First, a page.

Some think Sparano will survive, and there are reports that Parcells has persuaded Ross to stay the course, a fairly obvious move aimed at preventing the Tuna’s tenure in Miami from being regarded as a failure.
The challenge remains finding a replacement for Dan Marino at quarterback, and no amount of second-round picks devoted to the position have done the trick. The Dolphins could have had quarterback Matt Ryan in 2008, but they opted instead for left tackle Jake Long. That said, we’re told that Ross has a blind spot for Chad Henne, given their mutual ties to Michigan.
In the end, Sparano could be saved by labor uncertainty and the reality that Ross already is paying Parcells not to work in 2011. Things could get pricey if Ross also is paying Sparano and G.M. Jeff Ireland, and a new rock-star coach like Bill Cowher.
6. Cincinnati Bengals.
The contract for coach Marvin Lewis expires after the current season ends. Despite another rough season, Lewis won the Associated Press coach of the year award in 2009.
Many believe that Lewis has been hamstrung by owner Mike Brown, who compensates for deficiencies in the talent-evaluation department by pouncing on talented players with character issues that have made them less attractive to other teams. Most recently, injuries to receiver Terrell Owens and Chad Ochocinco have made the Bengals better, causing some to wonder whether Brown’s approach has kept Lewis from reaching his potential.
Though it’s unclear whether Brown currently has an offer on the table for Lewis, at one point within the past year Brown made an offer that Lewis opted not to accept. Among other things, Lewis wants Brown to build an indoor practice facility.
For now, it’s assumed that Lewis won’t be back. If he isn’t, Lewis possibly will command interest elsewhere. In the end, he possibly will decide after some time on the open market that he should remain in Cincinnati — if Brown remains interested in keeping him.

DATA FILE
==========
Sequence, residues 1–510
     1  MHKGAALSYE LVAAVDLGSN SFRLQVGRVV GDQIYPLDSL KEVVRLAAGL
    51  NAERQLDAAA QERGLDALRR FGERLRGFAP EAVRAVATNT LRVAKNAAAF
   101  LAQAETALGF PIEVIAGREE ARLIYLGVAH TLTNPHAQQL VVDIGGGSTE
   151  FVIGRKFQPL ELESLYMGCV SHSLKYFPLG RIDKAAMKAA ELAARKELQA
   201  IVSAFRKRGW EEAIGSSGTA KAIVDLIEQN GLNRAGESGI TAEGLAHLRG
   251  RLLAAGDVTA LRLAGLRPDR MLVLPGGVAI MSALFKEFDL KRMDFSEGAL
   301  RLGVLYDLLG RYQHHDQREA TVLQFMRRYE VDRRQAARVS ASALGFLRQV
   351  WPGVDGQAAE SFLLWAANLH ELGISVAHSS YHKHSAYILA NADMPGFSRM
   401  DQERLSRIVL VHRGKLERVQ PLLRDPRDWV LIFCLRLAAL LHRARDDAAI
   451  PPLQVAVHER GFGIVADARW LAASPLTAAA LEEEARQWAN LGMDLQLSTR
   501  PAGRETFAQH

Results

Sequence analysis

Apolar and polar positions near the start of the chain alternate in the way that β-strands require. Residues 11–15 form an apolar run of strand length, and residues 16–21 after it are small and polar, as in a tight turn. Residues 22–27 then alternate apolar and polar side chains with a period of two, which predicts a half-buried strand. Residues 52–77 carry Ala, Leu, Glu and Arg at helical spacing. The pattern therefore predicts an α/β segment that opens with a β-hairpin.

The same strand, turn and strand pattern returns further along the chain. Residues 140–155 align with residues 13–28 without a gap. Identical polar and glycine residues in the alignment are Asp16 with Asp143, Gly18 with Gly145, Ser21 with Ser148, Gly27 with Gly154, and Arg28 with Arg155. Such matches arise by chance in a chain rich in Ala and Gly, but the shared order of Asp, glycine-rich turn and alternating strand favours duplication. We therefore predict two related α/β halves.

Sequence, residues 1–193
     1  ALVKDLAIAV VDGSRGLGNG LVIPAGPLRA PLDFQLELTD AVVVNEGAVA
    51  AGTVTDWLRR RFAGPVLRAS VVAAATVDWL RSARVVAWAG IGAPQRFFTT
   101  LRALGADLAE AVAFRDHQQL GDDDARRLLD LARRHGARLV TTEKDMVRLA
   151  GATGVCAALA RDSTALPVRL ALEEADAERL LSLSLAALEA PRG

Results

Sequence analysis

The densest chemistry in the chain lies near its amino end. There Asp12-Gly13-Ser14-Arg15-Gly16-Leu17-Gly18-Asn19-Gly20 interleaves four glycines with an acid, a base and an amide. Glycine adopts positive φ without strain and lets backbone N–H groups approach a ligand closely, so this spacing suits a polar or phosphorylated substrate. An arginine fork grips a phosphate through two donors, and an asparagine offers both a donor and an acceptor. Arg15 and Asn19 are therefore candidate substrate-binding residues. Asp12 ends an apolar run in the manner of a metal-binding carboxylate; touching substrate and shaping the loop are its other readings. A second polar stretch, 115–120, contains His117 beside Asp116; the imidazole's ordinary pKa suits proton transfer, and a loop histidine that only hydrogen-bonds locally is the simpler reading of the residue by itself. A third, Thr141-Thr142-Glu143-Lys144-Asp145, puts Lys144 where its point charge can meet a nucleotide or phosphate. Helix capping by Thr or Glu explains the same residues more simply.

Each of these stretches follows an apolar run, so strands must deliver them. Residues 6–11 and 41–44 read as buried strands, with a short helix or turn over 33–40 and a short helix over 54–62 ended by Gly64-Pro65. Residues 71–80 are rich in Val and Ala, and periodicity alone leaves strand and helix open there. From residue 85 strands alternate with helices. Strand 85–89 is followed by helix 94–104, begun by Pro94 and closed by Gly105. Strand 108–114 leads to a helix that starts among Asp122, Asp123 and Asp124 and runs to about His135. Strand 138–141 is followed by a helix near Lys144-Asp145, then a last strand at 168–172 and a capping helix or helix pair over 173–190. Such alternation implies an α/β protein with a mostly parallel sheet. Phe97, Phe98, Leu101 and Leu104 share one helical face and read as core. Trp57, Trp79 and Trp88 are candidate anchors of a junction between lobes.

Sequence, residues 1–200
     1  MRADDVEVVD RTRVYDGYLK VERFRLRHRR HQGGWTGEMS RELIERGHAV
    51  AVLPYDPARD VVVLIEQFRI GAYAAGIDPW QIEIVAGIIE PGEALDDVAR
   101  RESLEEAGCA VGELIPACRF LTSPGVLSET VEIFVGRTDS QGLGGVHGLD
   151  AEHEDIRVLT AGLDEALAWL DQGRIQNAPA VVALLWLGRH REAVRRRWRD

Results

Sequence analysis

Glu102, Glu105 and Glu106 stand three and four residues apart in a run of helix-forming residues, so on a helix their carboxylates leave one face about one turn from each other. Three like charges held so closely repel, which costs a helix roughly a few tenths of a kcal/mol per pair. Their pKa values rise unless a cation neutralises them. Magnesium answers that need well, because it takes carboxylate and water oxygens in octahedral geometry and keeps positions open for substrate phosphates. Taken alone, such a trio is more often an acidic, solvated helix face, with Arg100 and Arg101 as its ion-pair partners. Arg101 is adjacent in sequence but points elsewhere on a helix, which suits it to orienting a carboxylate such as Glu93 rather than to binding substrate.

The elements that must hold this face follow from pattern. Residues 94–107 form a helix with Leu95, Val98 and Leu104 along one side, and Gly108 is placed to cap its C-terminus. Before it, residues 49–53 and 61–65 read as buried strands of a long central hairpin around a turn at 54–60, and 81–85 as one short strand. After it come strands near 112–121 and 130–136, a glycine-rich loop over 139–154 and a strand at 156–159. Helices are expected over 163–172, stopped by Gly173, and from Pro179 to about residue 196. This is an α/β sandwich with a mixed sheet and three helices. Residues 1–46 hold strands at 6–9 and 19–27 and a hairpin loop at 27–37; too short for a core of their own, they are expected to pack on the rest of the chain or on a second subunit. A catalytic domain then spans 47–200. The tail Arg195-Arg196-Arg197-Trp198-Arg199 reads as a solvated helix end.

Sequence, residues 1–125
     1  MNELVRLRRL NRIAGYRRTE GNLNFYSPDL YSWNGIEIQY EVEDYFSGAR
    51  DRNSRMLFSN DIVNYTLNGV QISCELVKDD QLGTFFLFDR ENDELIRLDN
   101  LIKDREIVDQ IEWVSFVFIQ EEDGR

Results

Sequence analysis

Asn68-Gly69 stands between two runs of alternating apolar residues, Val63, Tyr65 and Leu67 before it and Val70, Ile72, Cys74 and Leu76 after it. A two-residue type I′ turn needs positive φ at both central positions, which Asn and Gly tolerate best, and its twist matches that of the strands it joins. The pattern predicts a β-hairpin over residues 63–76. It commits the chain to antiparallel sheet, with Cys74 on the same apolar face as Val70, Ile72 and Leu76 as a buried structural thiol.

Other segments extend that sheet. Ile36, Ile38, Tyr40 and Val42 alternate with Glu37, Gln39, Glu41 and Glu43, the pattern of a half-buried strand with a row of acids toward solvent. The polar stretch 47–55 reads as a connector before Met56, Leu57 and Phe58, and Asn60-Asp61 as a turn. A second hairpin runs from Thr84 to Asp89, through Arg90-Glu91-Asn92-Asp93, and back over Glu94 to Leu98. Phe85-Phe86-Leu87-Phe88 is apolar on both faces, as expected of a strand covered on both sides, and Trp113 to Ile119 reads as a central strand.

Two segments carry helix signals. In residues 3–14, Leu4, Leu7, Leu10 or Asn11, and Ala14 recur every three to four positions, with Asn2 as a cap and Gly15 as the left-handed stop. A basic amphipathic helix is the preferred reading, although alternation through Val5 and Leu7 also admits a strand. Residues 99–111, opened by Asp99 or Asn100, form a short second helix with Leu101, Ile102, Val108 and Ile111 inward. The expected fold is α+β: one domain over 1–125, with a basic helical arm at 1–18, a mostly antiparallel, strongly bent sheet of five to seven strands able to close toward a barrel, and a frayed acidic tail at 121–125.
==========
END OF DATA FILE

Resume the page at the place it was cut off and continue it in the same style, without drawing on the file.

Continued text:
7. Cleveland Browns.
Eric Mangini is believed to be on the hot seat for three good reasons. First, team president Mike Holmgren inherited Mangini after the 2009 season. Second, the Browns have not had a successful year. Third, neither Holmgren nor owner Randy Lerner have taken a page from Dean Spanos’ playbook and declared that Mangini will be back.
So will he be?
The lockout factor could help, including the fact that Lerner has been buying out more contracts than the producers of the Spider-Man musical. And it would be awkward, to say the least, for Holmgren to fire Mangini, interview a bunch of candidates for the job, and then declare himself the best fit.
Other possibilities include Jon Gruden and, assuming the Millen stink has worn off, Marty Mornhinweg.
For now, it’s simply not clear what Holmgren will do — and the outcome likely depends in large part on the true quality of the relationship between the two men.
8. Tennessee Titans.
Jeff Fisher has coached the Tennessee Titans since they were the Houston Oilers. Sixteen years after getting the job, Fisher could be getting fired from it.
And he wouldn’t necessarily be getting fired due to the team’s performance, but because of an inability to coexist with quarterback Vince Young. Owner Bud Adams wants the two men to get along; Fisher seems to be intent on setting up a he-goes-or-I-go ultimatum.
Fisher’s overriding goal could be to get out of the last year of his contract. There’s a chance that Adams realizes what’s happening, and that he’ll consider parting ways with Fisher in exchange for a Gruden-style bounty of draft picks and dollar bills.
Either way, it would be an upset at this point if Fisher stays and Young goes. It would be even more of an upset if they both stay.
9. Houston Texans.
When John McClain of the Houston Chronicle declared that coach Gary Kubiak likely would be fired, people assumed that McClain had a pipeline to someone who knew what was happening. McClain has since done an about-face, getting updated information from multiple someones who know what will happen.